Here’s the look I’m emulating this week:
This is Gemma Arterton wearing a Stella McCartney ‘Jodie’ jumpsuit and Stella McCartney shoes at the British fashion awards 2012.
This jumpsuit is from the Evening 2012 collection and retails for £2,095.
Obviously £2,095 is a little above budget, but not to worry. I do have this rather ‘special’ gents double breasted suit jacket which I picked up in the Sue Ryder shop in Upminster for £4 (on sale!).
First, let’s take a closer look at the jacket. It’s 40″ chest and has seen better days.
It’s a polyester and wool mix, so there are some natural fibres. All the buttons are there, thankfully.
To get the look of a halter top, I cut off the sleeves, then removed the whole of the back, cutting slightly below the collar.
Here’s how the front looked. I played around with some pins trying to get it to hang right. To move the neckline a bit further up, I decided to change the roll line of the lapels by adding another buttonhole so the second button could be done up.
This was easy enough to add, but it changed the fall of the front and I had to steam the lapels a bit to get them to stay in the right place.
For the back, I pinned the sides around my dress form to see what kind of shape should be added.
I measured carefully the distance between the two sides in order to make a new back piece, not forgetting to take seam allowances into account.
Once I’d measured, I drew out the shape on paper and pinned it to the dressform, to check the measurements were roughly OK.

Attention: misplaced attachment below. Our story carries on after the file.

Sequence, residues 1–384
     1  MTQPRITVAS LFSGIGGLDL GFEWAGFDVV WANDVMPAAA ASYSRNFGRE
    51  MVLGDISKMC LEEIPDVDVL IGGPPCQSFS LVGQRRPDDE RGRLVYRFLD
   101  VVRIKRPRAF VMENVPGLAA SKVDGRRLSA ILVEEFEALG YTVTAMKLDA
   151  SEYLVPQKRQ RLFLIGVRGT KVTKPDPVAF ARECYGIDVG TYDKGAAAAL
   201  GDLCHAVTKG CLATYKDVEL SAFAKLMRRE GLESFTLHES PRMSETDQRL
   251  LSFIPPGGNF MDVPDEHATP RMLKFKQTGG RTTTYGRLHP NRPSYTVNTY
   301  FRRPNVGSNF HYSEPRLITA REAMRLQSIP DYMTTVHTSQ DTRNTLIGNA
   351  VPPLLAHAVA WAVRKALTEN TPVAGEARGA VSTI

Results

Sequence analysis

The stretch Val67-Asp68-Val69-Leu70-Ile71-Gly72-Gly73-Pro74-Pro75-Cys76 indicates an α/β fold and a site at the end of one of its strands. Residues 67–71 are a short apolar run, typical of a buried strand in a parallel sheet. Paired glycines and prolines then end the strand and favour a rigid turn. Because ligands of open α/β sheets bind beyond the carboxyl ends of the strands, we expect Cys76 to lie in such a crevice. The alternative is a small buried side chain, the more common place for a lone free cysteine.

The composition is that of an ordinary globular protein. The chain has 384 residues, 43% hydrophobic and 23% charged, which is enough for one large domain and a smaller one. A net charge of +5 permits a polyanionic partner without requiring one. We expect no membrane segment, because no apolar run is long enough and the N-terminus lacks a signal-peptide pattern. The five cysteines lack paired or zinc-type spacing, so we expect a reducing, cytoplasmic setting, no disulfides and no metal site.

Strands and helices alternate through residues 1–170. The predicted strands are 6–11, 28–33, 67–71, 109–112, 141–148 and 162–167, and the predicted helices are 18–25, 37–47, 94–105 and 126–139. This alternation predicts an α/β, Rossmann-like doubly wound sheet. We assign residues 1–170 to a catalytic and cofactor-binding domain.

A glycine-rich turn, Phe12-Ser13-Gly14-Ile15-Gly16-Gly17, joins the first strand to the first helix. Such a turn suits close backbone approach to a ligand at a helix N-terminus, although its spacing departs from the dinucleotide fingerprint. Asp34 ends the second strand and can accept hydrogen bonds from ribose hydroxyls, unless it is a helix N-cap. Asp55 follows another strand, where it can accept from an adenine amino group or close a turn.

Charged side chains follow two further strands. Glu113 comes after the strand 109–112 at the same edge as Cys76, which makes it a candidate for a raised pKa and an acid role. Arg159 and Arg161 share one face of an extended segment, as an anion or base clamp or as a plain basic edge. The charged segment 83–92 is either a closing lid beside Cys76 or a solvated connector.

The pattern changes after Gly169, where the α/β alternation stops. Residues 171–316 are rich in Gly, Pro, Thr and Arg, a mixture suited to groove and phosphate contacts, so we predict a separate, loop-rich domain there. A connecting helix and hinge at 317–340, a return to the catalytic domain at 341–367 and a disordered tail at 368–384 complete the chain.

I then cut that shape out of the back, placing the hem edge where the original hem would have been (as that had stiffening in it that I wanted to keep along that line). I left the lining attached too.
Here’s how it looks sewn together. It’s taking shape!
I tried the whole thing on myself to see what the fit was like. It needed bust darts, but that was easy enough. I just pinned a couple of triangles out of each side in roughly the same place, being sure to avoid the pocket.
On the inside, rather than sew a dart in the stiffening (because that would be really thick), I removed a triangle around the dart to help it lie flat.
I also cut the stiffening back about 5mm from the edge, to make a small seam allowance for the facing.
After trying it on again, it needed to be more fitted. It was looking a bit too straight-up-and-down and I wanted to give the impression of a hip curve like in the original. So, I added two darts of about an inch at the waist.
For the facings, I cut some bias strips out of what was left of the back.
I ended up with a neat enough edge!
But, the inside still looked like this: (gasp)
Putting it all back together, I pinned what was left of the lining in roughly the right place, then turned it the right way out to check it wasn’t pulling anywhere. It took a few iterations of this to get it right.
I whipstitched the whole of the lining in place by hand. In doing so it became obvious that the lining was in really bad shape, but it was a bit late to replace it. I may do so in future.
Here’s how I finished the back collar edge. (The jacket is inside out in the pic below). I folded the cut edge inside the collar stand, above the line of the collar so it wouldn’t be seen, and whipstitched it closed.
Here’s how it looks on the hanger. I am pretty happy with it, considering the state of the original jacket.
I paired it with black trousers to get the look of the original jumpsuit, plus pointed toe platforms. In case you’re wondering, it’s just about long enough to wear as a dress, but only if I don’t want to sit down, so I won’t wear it that way. I am seeing rather a lot of tuxedo-inspired looks on the red carpet at the moment, so this may not be the last men’s jacket remake you see from me!
Unfortunately there is a slight dearth of red carpet worthy events around here at the moment, so you’ll have to make do with a mock up and a bit of imagination!